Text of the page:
Among young adults, subjective feelings of alcohol's effects often guide risky decision making. The majority of studies measuring subjective effects have used singular indices ("How drunk do you feel?") which limits our understanding of young adults' full range of subjective states and their individual differences in subjective effects language. Toward a more in-depth understanding of the heterogeneity among alcohol users based on their subjective experiences of alcohol's effects, we identified latent classes of individuals based on their self-generated language describing feelings after drinking and compared these classes across demographic and drinking characteristics. Participants (N = 323, 54% women, 68% White, Ages 18-25 years) were recruited using Amazon's Mechanical Turk (MTurk). Participants listed words they would use to describe how they feel after drinking low, moderate, and heavy amounts of alcohol. Four latent classes of young adults emerged: "happy drinkers" (31%) primarily reported feeling "happy" when drinking; "relaxed drinkers" (24%) reported feeling happy, relaxed, and buzzed; "buzzed drinkers" (18%) reported feeling buzzed and dizzy; and "multiexperience drinkers" (27%) reported feeling buzzed, tipsy, drunk, and wasted. Relaxed drinkers indicated heavier alcohol use and buzzed drinkers reported lower drinking frequency. Classes did not differ by demographic characteristics. Young adult alcohol users can be distinguished based on the language they use to describe their feelings of intoxication. To continue to advance our understanding of subjective effects, it is necessary to take into account the full range of language used and how this language differs by young adult drinking behavior.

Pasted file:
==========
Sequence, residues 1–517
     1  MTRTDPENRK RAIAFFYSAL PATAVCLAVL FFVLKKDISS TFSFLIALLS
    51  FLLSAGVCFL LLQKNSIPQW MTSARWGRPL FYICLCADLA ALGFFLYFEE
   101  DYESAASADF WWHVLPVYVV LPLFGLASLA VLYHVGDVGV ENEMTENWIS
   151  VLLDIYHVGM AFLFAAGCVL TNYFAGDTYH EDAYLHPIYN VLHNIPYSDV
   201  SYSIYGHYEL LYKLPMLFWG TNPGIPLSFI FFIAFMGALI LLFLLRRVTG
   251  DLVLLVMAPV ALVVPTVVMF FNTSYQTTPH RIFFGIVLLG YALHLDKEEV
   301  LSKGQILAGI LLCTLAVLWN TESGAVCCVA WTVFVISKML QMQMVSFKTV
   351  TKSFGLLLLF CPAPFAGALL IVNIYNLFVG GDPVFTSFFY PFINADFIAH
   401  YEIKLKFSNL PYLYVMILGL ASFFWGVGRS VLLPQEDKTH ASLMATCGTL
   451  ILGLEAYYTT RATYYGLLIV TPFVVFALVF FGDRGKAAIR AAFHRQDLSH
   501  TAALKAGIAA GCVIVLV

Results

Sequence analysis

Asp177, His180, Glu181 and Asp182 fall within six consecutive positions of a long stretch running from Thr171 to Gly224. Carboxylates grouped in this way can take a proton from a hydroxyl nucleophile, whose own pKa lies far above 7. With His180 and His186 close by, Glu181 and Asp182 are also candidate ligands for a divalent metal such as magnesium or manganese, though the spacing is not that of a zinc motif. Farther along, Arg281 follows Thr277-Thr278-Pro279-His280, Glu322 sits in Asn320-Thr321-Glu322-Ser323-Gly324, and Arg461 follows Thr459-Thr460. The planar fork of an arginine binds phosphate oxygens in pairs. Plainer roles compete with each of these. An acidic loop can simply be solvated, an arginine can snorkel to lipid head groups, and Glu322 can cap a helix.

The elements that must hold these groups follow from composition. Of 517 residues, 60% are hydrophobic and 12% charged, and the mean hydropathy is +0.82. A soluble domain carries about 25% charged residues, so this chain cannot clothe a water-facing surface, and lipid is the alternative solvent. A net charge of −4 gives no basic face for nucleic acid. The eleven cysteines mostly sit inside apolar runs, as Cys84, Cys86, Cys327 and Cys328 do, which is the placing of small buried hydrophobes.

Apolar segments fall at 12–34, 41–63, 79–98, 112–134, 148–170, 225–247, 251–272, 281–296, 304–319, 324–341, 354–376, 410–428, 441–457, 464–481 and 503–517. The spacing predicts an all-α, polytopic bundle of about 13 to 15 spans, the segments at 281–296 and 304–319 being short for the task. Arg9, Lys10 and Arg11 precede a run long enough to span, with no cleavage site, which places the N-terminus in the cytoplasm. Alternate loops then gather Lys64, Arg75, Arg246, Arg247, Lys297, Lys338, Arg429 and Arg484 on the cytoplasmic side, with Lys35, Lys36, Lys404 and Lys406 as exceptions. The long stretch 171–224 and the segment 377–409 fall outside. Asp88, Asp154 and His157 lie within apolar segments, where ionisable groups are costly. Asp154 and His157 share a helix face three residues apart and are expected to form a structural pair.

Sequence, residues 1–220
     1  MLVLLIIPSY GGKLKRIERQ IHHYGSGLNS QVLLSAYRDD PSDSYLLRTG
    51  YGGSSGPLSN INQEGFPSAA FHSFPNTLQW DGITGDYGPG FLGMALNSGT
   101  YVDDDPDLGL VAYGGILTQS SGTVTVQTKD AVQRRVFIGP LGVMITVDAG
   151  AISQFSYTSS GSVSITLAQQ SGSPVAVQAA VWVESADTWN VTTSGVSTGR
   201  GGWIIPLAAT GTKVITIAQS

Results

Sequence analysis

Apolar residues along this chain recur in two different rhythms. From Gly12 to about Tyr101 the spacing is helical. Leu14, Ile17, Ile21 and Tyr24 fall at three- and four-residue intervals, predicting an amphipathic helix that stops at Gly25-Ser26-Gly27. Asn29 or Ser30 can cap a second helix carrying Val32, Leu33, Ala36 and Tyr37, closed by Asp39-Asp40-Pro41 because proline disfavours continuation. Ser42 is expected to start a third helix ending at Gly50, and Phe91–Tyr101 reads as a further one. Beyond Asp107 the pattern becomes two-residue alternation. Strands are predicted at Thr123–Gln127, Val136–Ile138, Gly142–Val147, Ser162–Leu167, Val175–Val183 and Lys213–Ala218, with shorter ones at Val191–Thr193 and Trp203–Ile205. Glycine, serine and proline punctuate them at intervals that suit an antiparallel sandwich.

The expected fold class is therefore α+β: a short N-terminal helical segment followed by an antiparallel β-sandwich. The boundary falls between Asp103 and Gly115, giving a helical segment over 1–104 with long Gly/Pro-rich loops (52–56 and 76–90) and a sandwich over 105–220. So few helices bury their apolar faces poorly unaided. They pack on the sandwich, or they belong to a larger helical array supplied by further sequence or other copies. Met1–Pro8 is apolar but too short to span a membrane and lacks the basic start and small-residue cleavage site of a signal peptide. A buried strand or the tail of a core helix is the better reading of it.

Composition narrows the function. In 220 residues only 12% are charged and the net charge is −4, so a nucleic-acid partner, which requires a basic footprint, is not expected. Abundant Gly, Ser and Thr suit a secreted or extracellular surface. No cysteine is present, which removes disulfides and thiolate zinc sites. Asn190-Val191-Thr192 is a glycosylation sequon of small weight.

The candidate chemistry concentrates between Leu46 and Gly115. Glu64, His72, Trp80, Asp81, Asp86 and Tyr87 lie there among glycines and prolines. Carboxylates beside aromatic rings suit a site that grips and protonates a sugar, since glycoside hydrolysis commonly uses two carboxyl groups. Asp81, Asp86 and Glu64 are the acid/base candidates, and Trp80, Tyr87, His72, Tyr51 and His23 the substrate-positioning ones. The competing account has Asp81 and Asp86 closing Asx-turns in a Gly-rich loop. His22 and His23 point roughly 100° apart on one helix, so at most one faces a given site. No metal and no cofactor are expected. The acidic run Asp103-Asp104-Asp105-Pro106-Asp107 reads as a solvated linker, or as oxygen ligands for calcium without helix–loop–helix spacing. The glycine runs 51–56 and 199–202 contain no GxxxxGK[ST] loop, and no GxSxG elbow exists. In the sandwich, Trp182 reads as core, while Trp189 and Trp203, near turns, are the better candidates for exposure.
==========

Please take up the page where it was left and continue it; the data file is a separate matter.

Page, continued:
All Science Journal Classification (ASJC) codes
- Psychiatry and Mental health
- Pharmacology (medical)